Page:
Equipping Writers for Success
The Writing Life
The Writing Life
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by Jenna Glatzer
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When was the last time you sat down and thought to yourself, "Boy, I should write a doormat today"? Or, "Today, I feel inspired to write a magnet"?
Short-form writing is a great way to make some extra cash without committing yourself to long stretches of time at the keyboard. It's an excellent venue when you're between projects or need a break from researching and writing lengthier pieces.
First, consult your trusty Writer's Market, which has an entire section for "Greeting Cards & Gift Ideas." You'll find listings for companies that buy slogans for posters, t-shirts, aprons, doormats, key chains, novelty buttons, magnets, plaques, and more.
But don't stop there. I found far, far more possible markets on the Internet. Try typing "novelties" into any search engine, and see how many manufacturers you can find.
But that's not all, folks! Go ahead; search your favorite engine. Make sure you're looking for manufacturers and wholesalers, rather than distributors (distributors don't usually make the products themselves, therefore they don't need writers!).
Try combinations of these keywords: wholesale, buttons, stickers, t-shirts, slogans, writers' guidelines, posters, greeting cards, manufacturers, novelty, plaques, t-shirts, magnets, bumper stickers, mugs, and calendars. You'll sift through many inappropriate sites, but you also may uncover companies that aren't listed in writers' directories and therefore aren't inundated with submissions. These companies are much more likely to buy your ideas!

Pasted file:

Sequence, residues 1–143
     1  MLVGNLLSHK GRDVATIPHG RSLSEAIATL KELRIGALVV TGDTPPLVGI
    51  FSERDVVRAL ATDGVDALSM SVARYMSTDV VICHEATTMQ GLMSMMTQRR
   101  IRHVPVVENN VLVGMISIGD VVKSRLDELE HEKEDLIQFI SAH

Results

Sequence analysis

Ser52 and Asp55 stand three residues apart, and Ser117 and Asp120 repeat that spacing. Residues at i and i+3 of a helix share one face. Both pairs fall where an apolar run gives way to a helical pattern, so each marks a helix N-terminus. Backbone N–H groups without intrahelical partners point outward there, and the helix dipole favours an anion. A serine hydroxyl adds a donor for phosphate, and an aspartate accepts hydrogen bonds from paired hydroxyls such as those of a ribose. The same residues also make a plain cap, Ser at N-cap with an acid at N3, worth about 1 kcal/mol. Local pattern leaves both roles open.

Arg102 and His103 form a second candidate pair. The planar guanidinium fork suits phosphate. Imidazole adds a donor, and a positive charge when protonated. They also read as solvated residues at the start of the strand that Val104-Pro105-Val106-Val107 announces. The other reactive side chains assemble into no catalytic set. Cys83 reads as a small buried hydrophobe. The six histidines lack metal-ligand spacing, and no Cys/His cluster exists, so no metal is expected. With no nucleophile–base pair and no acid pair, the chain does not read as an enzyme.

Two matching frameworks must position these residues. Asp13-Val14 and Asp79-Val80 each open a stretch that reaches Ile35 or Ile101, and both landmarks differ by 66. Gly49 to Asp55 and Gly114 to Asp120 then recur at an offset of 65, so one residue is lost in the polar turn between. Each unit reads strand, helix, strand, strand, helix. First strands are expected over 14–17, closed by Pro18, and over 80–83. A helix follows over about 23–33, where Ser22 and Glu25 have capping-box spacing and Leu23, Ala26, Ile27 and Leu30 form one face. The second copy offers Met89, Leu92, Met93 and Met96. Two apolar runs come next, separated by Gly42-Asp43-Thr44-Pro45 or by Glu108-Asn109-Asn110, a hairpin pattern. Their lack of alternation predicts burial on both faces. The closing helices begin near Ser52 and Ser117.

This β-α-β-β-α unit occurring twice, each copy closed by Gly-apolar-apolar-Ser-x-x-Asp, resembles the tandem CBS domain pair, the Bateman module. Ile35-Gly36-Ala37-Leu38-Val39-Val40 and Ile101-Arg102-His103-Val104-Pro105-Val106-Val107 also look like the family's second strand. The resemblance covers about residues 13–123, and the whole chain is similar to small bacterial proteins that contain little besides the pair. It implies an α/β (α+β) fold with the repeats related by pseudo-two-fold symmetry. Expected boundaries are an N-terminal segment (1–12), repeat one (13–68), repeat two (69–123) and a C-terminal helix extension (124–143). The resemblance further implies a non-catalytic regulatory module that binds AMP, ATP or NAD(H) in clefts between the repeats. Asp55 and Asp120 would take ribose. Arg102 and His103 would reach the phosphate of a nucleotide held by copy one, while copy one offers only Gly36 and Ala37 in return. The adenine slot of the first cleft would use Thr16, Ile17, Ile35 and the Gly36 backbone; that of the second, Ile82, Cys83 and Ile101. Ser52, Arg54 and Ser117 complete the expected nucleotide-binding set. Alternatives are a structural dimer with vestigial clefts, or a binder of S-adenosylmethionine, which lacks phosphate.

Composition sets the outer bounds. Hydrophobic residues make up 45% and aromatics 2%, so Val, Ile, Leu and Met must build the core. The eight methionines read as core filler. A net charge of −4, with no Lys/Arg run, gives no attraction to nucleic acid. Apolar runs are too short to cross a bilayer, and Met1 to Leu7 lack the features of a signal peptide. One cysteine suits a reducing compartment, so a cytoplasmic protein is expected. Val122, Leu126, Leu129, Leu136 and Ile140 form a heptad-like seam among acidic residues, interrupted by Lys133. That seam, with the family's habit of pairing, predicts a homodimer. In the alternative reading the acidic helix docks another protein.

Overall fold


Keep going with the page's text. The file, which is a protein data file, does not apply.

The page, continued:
And next time you're in a gift store, bring your notebook. Look on the bottom of posters, the back of greeting cards, and in the "fine print" of t-shirts and other products. The manufacturer's name will usually appear somewhere; check for copyright signs. If the store manager is friendly, you might even shmooze some information about manufacturers out of him or her.
Each company has its own style. You'll find that certain products (like buttons, magnets, bumper stickers and t-shirts) are almost solely a humor market, whereas others (calendars, plaques, posters, greeting cards) also delve into inspirational, poetic, and dramatic messages. Some are R-rated, some are Christian, some are geared toward teens, and some are political. It's very important to pay attention to each company's product line. It will be completely pointless to submit your risque slogans to a company that only produces inspirational posters.
Most companies want to see about ten slogan ideas typed out on a single page with your name and address. If a company does not explicitly state that it accepts freelance submissions, drop a quick note telling them that you're interested in submitting your ideas and would like to know if they hire freelance writers. If so, ask if guidelines (including pay rates) are available.
And, speaking of pay rates, how do these markets stack up?
Per word and per hour, the rate is fantastic. I just sold a 10 word apron slogan for $150. That's $15 a word!
However, most companies buy all rights, at least in their particular market. And it isn't the kind of writing you can "force." You'd have to come up with a few winning slogans every day to make a good daily wage, and it's exhausting trying to be that clever every day!
Most short-form writing pays $30 to $300. It's not "career money" for most writers, but it's a fun way to make some extra cash. So expand your writing horizons today and start selling those slogans!
This article originally appeared in Writer's Weekly.
This article may not be reprinted without the author's written permission.
Jenna Glatzer is the author of several books, including a number of books on writing, and a contributing editor at Writer's Digest. Visit her website at http://www.jennaglatzer.com/.